This year has been predicted by pundits as a year of unavoidable mergers as companies seek to achieve growth as a result of low interest rate. According to data from Thomas Reuters, the first quarter of 2015 saw $843 million (23.4%) rise in global merger and acquisition compared to $694 million which was recorded in 2014.

While sectors like health-care, media, and telecommunications experienced the most acquisitions in 2014, this year, mergers and acquisitions were predicted to spread across other sectors.

Dell Inc. and EMC Corporation

Dell Inc., a privately owned American multinational firm acquired a $54 billion data storage provider, EMC Cooperation, for roughly $67 billion. The merger which has been looming since 2011, represents the largest merger and acquisition deal in history. The merger also pushed  Dell to the third position in terms of projected revenue with only Hewlett-Packard and IBM ahead them.

The merger of Hewlett-Packard and Digital Equipment Corp in 2002 was the first merger of two competitive firms and subsequent merger Sun Microsystem by Oracle in 2010.  In past years, EMC has made critical decisions on when to integrate with other companies just like it did for VMware which gave it the tag “king of merger”.

From the merger, Dell gets a $34 billion cloud-computing software vendor in its own right, which was 85% owned by EMC. “This acquisition enables Dell to compete with Hewlett-Packard thus becoming the market leader, and also diversify from the PC market,” said Robert W. Baird & co analyst Jayson Noland in a research report.

The merger of Dell and EMC has created the world’s largest privately- controlled integrated technology company, and transformed Dell from a PC producer to an IT solution provider for businesses. Also, the deal is expected to have impact on Dell and EMC customers, and loss of key personnels from both firms.

Anheuser-Busch InBev and SABMiller

The world’s largest brewer Anheuser-Busch InBev (AB InBev) acquired its biggest rival for about $104 billion after making a four bid increase in October 2015. The merger of AB InBev and SABMiller is one of the biggest on record, and also surpasses Shell’s takeover of BG Group Plc to become the largest in United Kingdom’s (UK) history.

The merger is expected to give AB InBev more exposure to fast- growing economies in the world, with specific reference to Latin America and Africa where Gross Domestic Product (GDP) is expected to grow steadily in coming years.

The successful merger will also see AB InBev control about half of the company’s profit and some of the world’s most popular beers – Budweiser, Corona and Stella Artois from AB InBev, and Grolsch, Peroni Nastro Azzurro and Pilsner Urquell from SABMiller would be under one company. .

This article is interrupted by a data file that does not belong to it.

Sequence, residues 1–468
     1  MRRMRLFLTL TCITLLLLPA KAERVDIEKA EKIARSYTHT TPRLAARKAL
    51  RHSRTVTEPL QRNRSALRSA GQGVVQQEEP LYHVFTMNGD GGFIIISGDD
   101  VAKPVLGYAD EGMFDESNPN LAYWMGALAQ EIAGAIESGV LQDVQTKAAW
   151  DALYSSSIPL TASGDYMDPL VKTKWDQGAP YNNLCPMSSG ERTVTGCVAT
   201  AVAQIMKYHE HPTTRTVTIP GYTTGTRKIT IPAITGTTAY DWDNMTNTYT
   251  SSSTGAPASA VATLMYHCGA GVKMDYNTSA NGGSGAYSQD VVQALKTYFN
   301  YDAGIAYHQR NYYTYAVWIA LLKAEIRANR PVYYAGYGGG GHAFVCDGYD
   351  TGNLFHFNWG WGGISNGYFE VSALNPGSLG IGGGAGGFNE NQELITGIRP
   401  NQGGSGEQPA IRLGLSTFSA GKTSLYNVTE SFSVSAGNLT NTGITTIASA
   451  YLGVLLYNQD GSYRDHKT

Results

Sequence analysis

AB InBev said it would offer a partial share alternative to its cash proposal of 0.483969 unlisted shares and GBP 3.7788 in cash for each SABMiller share, equivalent to a value of GBP 39.03 per SABMiller or a 33% premium. “The combination would cap a $90 billion deal-making spree over the last decade, turning a regional brewer into the undisputed global leader,” said Carlos Brito AB InBev Chief Executive Officer.

The merger has been tipped by analysts to record greater sales in consumer products space than Coca Cola, and have one or two positions in 24 of the world’s 30 biggest beer markets.

Royal Dutch Shell and Britain’s BG Group Plc.

Royal Dutch Shell popularly known for its gasoline stations merged with BG group Plc, a big natural gas specialist, for about $70 billion cash and stock in April 2015. 

Reports indicates the deal is the biggest oil and gas take over since Shell’s merger with Royal Dutch Petroleum in 2004. Following Exxon Mobil’s purchase of XTO for $31 billion more than five years ago, Royal Dutch Shell and Britain’s BG Group merger is the biggest in the energy industry.

According to Shell, the merger is expected to create a company with more than 25% more oil and gas reserves, add 20% to its production, and allow Shell expand its project to East Africa and Latin America. BG shareholders are also expected to own about 19% of the combined company which will have a market capitalization of about $240 billion.

The merger is expected to produce savings of about $2.5 billion, and also cut overlapping costs and current spending on oil and energy exploration by nearly 50%. The BG board remained confident in the firm’s long-term prospects, but acknowledged Shell’s offer as a move to accelerate production.

Analysts however gave mixed reactions on the merger between Shell and BG Group Plc.

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